Stories written by Thalif Deen
Thalif Deen, IPS UN Bureau Chief, has been covering the United Nations since the late 1970s. A former deputy news editor of the Sri Lanka Daily News, he was a senior editorial writer on the daily Hong Kong Standard. He has been runner-up and cited twice for “excellence in U.N. reporting” at the annual awards presentation of the U.N. Correspondents Association (UNCA). In November 2012, he was on the IPS team which who won the prestigious gold award for reporting on the global environment-- and in 2013, for the second consecutive year, he shared the gold medal, this time with the Associated Press (AP), for his reporting on the humanitarian and development work of the United Nations. A former information officer at the U.N. Secretariat, and a one-time member of the Sri Lanka delegation to the General Assembly sessions, Deen is currently editor-in-chief of the IPS U.N. Terra Viva daily electronic newsletter, published since March 1993. Beginning with the Earth Summit in Rio de Janeiro in 1992, he has covered virtually every major U.N. conference: on population, human rights, the environment, social and economic development, food security, humanitarian aid, nuclear disarmament, water, energy and education. A former military editor Middle East/Africa at Jane’s Information Group in the U.S, a columnist for the Sri Lanka Sunday Times and a longtime U.N. correspondent for Asiaweek, Hong Kong and Jane's Defence Weekly, London, he is a Fulbright scholar with a Master’s Degree in journalism from Columbia University, New York.

Nepal Appeals to U.N. to Help Lift Economic Blockade

A coalition of independent Nepali citizens – including diplomats, journalists, women’s rights leaders, medical doctors and former U.N. officials – is calling on the international community and the United Nations to take “effective steps” to help remove an “economic blockade” imposed on Nepal.

U.N. Plans New Working Groups Aimed at Nuclear Disarmament

Against the backdrop of a potential military confrontation between the world’s two major nuclear powers – the United States and Russia – the United Nations is taking a significant step towards a hitherto impossible goal: nuclear disarmament.

Air Strikes on Hospital in Yemen Under Fire

The bombing of a Yemeni hospital, run by Medicins Sans Frontieres (MSF), has been described as a “war crime” – and triggered a wave of protests and outright condemnation.

Civil Society Activists Cold-Shouldered at Climate Talks

A former UN Secretary-General once paid a supreme compliment to the work of civil society groups when he described non-governmental organisations (NGOs) as the world’s “third super power” –- presumably ranking behind the United States and Russia.

NGOs Disappointed With Final Round of Climate Negotiations

Civil society groups have expressed disappointment over the outcome of the final round of U.N. climate change negotiations in Bonn -- 38 days ahead of the upcoming summit in Paris.

U.N. Rights Commissioner Blasts Harsh Treatment of Refugees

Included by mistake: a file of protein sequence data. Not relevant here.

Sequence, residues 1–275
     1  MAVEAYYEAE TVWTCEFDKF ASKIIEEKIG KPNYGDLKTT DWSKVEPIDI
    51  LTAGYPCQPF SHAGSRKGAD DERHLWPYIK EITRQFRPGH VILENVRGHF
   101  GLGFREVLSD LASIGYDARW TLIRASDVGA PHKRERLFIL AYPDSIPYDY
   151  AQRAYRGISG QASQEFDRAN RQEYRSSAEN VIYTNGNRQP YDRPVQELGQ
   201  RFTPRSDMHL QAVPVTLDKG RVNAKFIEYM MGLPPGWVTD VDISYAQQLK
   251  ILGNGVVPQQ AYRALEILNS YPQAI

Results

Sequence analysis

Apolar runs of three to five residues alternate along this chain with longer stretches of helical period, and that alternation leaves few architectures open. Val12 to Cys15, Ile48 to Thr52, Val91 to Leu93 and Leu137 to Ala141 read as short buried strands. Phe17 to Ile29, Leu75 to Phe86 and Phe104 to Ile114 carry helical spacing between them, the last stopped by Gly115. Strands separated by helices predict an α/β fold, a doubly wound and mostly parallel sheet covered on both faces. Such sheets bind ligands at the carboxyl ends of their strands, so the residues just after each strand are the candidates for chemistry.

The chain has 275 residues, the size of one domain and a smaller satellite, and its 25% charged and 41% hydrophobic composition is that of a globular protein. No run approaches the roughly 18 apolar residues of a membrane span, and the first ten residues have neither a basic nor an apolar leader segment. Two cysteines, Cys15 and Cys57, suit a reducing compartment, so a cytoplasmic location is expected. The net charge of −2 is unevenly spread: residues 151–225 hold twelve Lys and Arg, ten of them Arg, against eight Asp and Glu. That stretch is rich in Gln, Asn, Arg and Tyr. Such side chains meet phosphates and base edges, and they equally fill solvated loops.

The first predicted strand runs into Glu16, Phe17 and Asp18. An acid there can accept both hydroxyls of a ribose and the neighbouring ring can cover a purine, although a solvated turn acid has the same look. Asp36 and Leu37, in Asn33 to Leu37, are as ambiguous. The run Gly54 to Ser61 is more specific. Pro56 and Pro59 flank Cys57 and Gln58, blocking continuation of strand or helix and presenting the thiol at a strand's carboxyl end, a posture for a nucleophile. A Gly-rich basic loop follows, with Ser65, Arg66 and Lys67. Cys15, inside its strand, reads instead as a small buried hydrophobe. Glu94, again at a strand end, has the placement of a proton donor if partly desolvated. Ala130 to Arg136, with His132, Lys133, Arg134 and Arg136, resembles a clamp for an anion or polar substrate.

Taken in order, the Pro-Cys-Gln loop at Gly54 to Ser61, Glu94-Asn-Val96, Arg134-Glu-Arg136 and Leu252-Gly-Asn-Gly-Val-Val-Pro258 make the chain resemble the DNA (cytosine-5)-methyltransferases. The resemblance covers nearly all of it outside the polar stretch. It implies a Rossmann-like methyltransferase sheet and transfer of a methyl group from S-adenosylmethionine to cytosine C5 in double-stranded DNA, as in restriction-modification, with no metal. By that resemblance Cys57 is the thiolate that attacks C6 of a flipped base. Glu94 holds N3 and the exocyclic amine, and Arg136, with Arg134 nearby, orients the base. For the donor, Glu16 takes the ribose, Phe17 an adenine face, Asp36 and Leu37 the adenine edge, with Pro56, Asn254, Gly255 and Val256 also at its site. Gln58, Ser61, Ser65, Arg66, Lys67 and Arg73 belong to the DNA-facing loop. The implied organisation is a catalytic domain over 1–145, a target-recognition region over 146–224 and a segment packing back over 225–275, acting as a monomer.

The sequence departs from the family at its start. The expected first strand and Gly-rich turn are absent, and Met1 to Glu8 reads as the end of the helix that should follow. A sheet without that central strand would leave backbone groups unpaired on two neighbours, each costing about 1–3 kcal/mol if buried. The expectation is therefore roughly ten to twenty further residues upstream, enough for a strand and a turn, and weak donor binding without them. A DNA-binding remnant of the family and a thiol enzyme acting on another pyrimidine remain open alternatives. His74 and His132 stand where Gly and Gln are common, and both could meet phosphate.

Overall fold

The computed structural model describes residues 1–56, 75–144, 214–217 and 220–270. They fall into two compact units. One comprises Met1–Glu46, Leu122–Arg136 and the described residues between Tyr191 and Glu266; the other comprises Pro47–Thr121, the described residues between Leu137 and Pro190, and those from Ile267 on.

As the flow of migrants continues to rise – from war-ravaged countries in the Middle East, Asia and Africa to Europe – so do the horror stories of the harsh treatment meted out to these refugees.

Water Remains Largely Marginalized in Climate Talks

U.S. Secretary of State John Kerry last week turned the spotlight on the “record number” of extreme weather-related events the world is witnessing these days.

A Younger Generation Cannot March on an Empty Stomach

U.N. Secretary-General Ban Ki-moon insists there is a special role for the world’s younger generation in the U.N.’s post-2015 development agenda.

Women Seek Permanent Seat at Peace Negotiations

When the U.N. Security Council (UNSC) adopted a landmark resolution on women, peace and security 15 years ago, that resolution was best known by its numerals: 1325.

Nobel Prize for Economics Reflects Issues on U.N. Development Agenda

When the Royal Swedish Academy of Sciences awarded the 2015 Nobel Prize in Economics to Professor Angus Deaton of Princeton University, the accolade had a significant relevance to the United Nations.

U.N. Staffers Protest Proposed Pay Cuts For Some, Increases for Others

The United Nations, which is battling a negative fallout from a corruption scandal tainting the office of a former President of the General Assembly, is facing criticisms on another front: a proposed compensation package that calls for a reduction in the salaries of staffers, mostly at bottom and mid-levels and not senior hierarchy.

U.N. Upholds Human Rights, World Bank Dismisses Them

The United Nations has always remained one of the most vociferous and passionate advocates of human rights – exemplified in the creation in 2006 of a 47-member Human Rights Council in Geneva to uphold its mandate.

U.N. Launches Probe Amidst Charges of Bribery and Corruption

After initial hesitation, the United Nations has decided to probe allegations of bribery and corruption extending to the office of a past President of the UN General Assembly (UNGA), the highest policy-making body in the 70-year old Organisation.

Rise in Large Scale Refugees Triggers New International Population Order

As the unprecedented flow of hundreds and thousands of migrants and refugees continues from war-ravaged countries to Europe, a new study warns that large-scale migration from poorer to rich nations will be a permanent feature of the global economy for decades.

Women’s Alliance Plans to Counter Violent Extremism

When the Security Council recently hosted a meeting of world leaders to discuss the growing threats from violent extremism, Secretary-General Ban Ki-moon warned that any success in battling intolerance will be predicated on a “unified response.”

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